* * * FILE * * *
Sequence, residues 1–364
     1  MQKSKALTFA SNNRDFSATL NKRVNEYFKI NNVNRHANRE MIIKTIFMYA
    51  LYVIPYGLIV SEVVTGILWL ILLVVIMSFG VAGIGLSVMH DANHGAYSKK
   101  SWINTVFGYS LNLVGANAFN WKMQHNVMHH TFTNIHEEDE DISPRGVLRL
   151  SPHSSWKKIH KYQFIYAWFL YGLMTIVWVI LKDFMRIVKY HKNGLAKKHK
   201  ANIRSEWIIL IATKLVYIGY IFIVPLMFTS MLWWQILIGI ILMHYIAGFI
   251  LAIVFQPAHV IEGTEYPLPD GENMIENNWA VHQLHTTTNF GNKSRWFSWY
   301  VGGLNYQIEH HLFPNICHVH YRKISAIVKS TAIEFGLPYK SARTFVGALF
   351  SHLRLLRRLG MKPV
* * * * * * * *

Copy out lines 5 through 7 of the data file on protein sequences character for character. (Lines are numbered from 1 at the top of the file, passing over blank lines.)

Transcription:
   151  SPHSSWKKIH KYQFIYAWFL YGLMTIVWVI LKDFMRIVKY HKNGLAKKHK
   201  ANIRSEWIIL IATKLVYIGY IFIVPLMFTS MLWWQILIGI ILMHYIAGFI
   251  LAIVFQPAHV IEGTEYPLPD GENMIENNWA VHQLHTTTNF GNKSRWFSWY